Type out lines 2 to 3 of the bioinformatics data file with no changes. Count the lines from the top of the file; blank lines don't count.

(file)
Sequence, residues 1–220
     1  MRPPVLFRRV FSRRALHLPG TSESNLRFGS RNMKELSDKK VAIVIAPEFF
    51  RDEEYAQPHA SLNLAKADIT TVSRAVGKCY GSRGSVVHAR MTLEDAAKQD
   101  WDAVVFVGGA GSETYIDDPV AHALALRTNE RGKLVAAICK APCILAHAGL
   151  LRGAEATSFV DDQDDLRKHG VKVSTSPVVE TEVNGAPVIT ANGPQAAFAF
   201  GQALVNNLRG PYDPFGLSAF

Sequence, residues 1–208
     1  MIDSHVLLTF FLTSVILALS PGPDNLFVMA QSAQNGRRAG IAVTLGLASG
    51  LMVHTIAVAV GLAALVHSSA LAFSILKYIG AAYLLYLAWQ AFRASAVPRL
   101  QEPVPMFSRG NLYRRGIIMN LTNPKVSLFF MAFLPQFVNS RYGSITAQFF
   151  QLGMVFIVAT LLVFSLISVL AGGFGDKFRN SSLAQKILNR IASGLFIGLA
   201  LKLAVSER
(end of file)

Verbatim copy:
     1  MRPPVLFRRV FSRRALHLPG TSESNLRFGS RNMKELSDKK VAIVIAPEFF
    51  RDEEYAQPHA SLNLAKADIT TVSRAVGKCY GSRGSVVHAR MTLEDAAKQD